Residents, Lawmakers Discuss Redistricting
ANNAPOLIS, Md. (AP) — Several lawmakers and residents espoused their concerns about a proposed legislative redistricting map for 188 seats in the Maryland General Assembly on Thursday, with some taking issue with how the district lines have been drawn to represent the state’s minorities.
Gov. Martin O’Malley, a Democrat who hosted the hearing, said he will weigh the comments and consider changes before formally submitting the map to the General Assembly on the first day of the session in January.
“I’ve seen it and looked at it a couple of times now, but having heard citizens’ testimony, yes, I’m going to go back,”
O’Malley said after a hearing that lasted about three hours. “I’m going to look at it. I don’t expect it to change very much, but I thought there were some good points made.”
The hearing in Annapolis began after reports that one of five members on the governor’s advisory commission on redistricting had last week pleaded guilty to federal authorities to failing to pay about $4 million in taxes on a company he owned in the state.
Richard Stewart, who wasn’t at the hearing, faces up to five years in prison and a fine of up to $250,000, according to the Justice Department.
Opponents of the proposal criticized having less than a week to review the map, which was made public Friday.
Carletta Fellows, a spokeswoman for a Prince George’s County political action committee, said the map dilutes the black vote.
Her group, the Fannie Lou Hamer Political Action Committee, was a catalyst for organizing a federal lawsuit against the state’s congressional redistricting map, which the General Assembly passed in October. She said another lawsuit could be filed against the state legislative map.
“If you recall, the court slapped down a similar egregious redistricting plan in 2002,” Fellows said, referring to the Court
of Appeals ruling against the state legislative map nearly a decade ago. “In closing, the Fannie Lou Hamer PAC hopes that Governor O’Malley will use greater sensitivity to the black and brown communities here in the state of Maryland, unlike what Gov. (Parris) Glendening did then.”
House Minority Leader Anthony O’Donnell said the House Republican caucus will submit alternative maps during the session next month.
“The Fannie Lou Hamer PAC plan, our plan, other amendments, should be given the normal legislative consideration with an up or down vote, and we will be pushing very hard for that because we think public discourse and shining the light on this process is very helpful to all of us regardless of party,” O’Donnell, R-Calvert, said.
Delegate Jeannie Haddaway-Riccio, R-Talbot, said the caucus is concerned about districts on the Eastern Shore that have been overpopulated to pack in voters. She also pointed to Carroll County. While the county has the population to justify having four delegates, it will only have three under the proposed map.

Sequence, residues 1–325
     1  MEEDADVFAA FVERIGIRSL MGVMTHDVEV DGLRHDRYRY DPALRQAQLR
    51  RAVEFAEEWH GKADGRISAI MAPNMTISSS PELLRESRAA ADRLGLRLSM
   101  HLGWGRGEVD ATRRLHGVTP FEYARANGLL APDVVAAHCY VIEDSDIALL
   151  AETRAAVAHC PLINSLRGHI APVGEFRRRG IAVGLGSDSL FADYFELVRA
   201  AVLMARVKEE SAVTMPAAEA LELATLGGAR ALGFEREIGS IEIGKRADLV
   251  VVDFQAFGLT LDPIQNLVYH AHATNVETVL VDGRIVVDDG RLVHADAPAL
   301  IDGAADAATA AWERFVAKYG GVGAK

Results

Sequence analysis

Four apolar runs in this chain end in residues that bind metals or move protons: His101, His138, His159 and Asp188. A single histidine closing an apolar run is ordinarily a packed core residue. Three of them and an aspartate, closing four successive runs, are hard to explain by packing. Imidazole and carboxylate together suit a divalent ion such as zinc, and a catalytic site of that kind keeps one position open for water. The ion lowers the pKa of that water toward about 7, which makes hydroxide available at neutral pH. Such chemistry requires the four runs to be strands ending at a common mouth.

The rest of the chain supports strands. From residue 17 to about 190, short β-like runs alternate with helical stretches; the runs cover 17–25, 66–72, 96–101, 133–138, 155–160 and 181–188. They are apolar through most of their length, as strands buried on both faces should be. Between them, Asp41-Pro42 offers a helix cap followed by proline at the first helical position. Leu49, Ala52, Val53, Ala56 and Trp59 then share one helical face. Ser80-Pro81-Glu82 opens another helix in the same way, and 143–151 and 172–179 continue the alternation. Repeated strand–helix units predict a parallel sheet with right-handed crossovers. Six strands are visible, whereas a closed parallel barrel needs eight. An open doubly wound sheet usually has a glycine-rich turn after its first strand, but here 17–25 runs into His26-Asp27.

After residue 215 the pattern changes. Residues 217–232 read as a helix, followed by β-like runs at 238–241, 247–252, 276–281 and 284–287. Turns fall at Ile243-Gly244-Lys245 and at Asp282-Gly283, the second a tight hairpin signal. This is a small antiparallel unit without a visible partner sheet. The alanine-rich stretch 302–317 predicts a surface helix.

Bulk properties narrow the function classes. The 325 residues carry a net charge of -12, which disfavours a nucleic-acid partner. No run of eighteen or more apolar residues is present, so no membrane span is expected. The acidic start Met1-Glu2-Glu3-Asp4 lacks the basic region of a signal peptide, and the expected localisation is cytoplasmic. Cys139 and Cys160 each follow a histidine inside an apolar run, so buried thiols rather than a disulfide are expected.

Caroline County Commissioner Jeff Ghrist, a Republican, urged the governor to consider adding nearly 9,000 people to the part of the county in District 36 on the Eastern Shore that includes four counties. Caroline County has not had a resident delegate since 1992, because it gets outvoted by the other three counties for the three delegates in the district, critics of the district’s shape say.
Democrats also had concerns.
Sen. Dolores Kelley of Baltimore County said 14 of 19 new precincts that the map would add to District 10, which she
represents, are comprised of voting age populations that are majority white. She said no court would hold the new District 10 would meet the legal test of compactness, relative to other proposed districts in Baltimore County.
“In conclusion, I posit that your Baltimore region map is not ready for prime time, as it separates communities of interest in Baltimore County,” Kelley said.
The proposed map also makes a significant change in Baltimore city to reflect population loss there. For example, about
two-thirds of District 44, which is now entirely in the city, would move into Baltimore County.
Sen. Verna Jones-Rodwell, D-Baltimore, who represents that district, said she appreciated the panel’s efforts to be sensitive to needed changes in the district.
“However, there is concern that the way that it was done is not maybe the most appropriate, given the natural migration patterns from the Baltimore city population out into Baltimore County,” Jones-Rodwell said.
Jones-Rodwell illustrated the sensitivity the new proposed lines are to lawmakers, when she mentioned how she wasn’t included with speakers who had pre-registered to testify before the governor and the redistricting panel, even though she had registered to speak.
“A lot has been said about the 44th delegation. I thought when my name wasn’t called, it already had been cut out,” Jones-Rodwell quipped.
O’Malley will send a final map to the General Assembly on the first day of the legislative session. Lawmakers will have 45 days to either approve it or pass an alternative plan. If lawmakers don’t approve an alternative plan, the governor’s proposal becomes law.
(Copyright 2011 by The Associated Press. All Rights Reserved.)